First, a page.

KAMPALA, Dec 6 (Reuters) - Ugandan leader Yoweri Museveni said on Wednesday he supports extending a president’s term to seven years from five but one critic said any such move would help enable one of Africa’s longest serving leaders to rule for life.
Museveni did not directly propose that term limits be stretched in Uganda but instead said extending the time between elections would give African leaders more opportunity to promote development because they would not be distracted by politics.
“For these countries with all these problems ... five years is just a joke,” a statement from the presidency quoted Museveni as saying. “Leaders in Africa have much more to do and need adequate time (between elections) to develop the continent.”
Museveni fought his way to power in 1986 and has won a series of elections, the most recent of which was in 2016. His opponents say the government uses repression to stay in power and rigs elections.
The rapid fall of Zimbabwe’s leader Robert Mugabe last month after 37 years in power has highlighted the potential vulnerability of the small group of African leaders who have ruled for decades.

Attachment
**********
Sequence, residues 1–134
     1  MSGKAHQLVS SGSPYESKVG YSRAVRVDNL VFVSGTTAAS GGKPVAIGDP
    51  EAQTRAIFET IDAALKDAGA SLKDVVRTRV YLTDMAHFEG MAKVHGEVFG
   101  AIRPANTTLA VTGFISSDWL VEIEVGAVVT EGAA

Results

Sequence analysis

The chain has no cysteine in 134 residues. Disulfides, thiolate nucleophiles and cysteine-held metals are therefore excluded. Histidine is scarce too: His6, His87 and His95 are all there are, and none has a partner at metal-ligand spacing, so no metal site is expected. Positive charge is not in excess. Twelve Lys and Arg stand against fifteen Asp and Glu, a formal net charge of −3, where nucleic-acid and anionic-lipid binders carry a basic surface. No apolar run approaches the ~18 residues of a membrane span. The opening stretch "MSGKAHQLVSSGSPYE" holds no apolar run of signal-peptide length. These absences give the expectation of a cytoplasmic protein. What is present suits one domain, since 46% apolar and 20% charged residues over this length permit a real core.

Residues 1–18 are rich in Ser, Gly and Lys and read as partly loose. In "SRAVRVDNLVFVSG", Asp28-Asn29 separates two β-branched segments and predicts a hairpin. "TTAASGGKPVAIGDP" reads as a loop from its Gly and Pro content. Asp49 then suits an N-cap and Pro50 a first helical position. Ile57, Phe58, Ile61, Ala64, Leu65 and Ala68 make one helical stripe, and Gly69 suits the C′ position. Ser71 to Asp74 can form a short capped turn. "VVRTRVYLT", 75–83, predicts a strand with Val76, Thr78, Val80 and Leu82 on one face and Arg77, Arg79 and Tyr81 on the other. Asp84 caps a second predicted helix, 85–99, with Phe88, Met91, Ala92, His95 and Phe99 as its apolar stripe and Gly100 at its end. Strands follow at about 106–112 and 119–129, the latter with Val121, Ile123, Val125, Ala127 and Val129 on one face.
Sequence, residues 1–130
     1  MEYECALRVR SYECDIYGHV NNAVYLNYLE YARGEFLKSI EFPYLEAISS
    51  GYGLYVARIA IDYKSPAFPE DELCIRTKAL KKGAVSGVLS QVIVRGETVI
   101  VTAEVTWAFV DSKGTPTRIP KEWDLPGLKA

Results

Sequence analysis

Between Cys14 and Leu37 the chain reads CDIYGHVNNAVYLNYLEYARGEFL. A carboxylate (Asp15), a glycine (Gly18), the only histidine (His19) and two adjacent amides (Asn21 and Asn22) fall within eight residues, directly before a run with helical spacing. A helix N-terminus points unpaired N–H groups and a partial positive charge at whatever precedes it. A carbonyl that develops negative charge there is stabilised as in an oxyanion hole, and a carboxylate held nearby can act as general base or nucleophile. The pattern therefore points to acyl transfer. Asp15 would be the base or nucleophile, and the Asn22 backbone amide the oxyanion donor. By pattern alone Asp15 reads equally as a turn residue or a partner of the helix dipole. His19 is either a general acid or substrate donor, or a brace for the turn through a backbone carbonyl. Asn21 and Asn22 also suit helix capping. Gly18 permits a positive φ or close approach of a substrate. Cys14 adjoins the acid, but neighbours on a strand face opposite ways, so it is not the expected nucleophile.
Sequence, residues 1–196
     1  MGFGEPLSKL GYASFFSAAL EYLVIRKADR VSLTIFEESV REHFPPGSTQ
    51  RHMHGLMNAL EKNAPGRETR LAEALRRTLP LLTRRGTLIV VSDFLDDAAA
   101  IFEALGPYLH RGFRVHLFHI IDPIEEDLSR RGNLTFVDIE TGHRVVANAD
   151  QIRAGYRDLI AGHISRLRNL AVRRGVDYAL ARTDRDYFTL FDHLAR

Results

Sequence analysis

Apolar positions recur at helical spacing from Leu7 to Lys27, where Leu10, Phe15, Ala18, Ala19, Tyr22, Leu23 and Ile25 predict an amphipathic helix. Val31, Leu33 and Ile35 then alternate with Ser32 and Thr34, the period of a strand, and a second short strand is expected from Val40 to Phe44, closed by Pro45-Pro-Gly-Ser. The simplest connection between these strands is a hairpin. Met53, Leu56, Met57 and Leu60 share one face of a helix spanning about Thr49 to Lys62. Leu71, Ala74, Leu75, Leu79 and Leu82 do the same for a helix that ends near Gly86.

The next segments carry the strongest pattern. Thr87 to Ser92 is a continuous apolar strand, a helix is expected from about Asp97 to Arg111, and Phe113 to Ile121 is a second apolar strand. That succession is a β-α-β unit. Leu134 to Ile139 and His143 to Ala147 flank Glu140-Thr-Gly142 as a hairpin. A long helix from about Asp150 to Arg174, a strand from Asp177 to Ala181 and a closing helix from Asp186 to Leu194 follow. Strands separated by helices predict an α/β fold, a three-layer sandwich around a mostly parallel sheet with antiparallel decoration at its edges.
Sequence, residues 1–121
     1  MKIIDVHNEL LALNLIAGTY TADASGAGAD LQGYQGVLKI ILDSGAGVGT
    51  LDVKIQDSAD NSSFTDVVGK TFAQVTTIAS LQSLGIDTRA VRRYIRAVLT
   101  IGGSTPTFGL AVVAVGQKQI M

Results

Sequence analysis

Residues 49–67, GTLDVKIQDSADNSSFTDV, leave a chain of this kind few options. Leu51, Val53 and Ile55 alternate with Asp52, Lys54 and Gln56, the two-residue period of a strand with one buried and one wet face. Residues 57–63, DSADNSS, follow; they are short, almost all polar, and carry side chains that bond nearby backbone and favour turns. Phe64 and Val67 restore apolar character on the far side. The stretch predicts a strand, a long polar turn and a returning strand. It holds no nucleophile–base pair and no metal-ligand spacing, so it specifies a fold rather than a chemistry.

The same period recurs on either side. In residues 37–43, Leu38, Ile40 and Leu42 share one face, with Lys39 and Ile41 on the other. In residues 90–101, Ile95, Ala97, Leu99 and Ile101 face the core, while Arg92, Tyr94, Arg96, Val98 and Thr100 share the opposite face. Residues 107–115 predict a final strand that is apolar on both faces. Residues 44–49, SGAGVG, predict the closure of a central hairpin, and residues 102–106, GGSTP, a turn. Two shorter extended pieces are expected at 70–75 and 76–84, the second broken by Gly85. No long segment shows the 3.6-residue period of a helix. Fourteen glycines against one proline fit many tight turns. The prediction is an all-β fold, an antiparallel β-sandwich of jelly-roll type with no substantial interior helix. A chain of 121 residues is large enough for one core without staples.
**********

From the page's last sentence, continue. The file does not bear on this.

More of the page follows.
The government has proposed a change to the constitution that would enable the 73-year-old leader to stand in 2021 by scrapping a limit on the age of a presidential candidate.
There is no current bill to extend the presidential term but Museveni’s comments make such a proposal more likely.
Security forces have detained opponents of the constitutional change and also used live bullets and teargas to quash demonstrations.
Andrew Karamagi, a rights activist and critic of Museveni said the president’s comments are: “an insult to our intelligence.”
“To invent a fresh bogeyman, particularly by the same person who said that Africa’s problem is leaders who stay too long in power, is unfortunate. If five years are so few ... can he show us what he has done in 31 years,” he told Reuters.
Museveni has won praise for sending troops to join an African Union peacekeeping force in Somalia and for maintaining stability at home in a region that has been beset by conflicts. His critics say prolonging his tenure is his central objective. (Editing by Matthew Mpoke Bigg)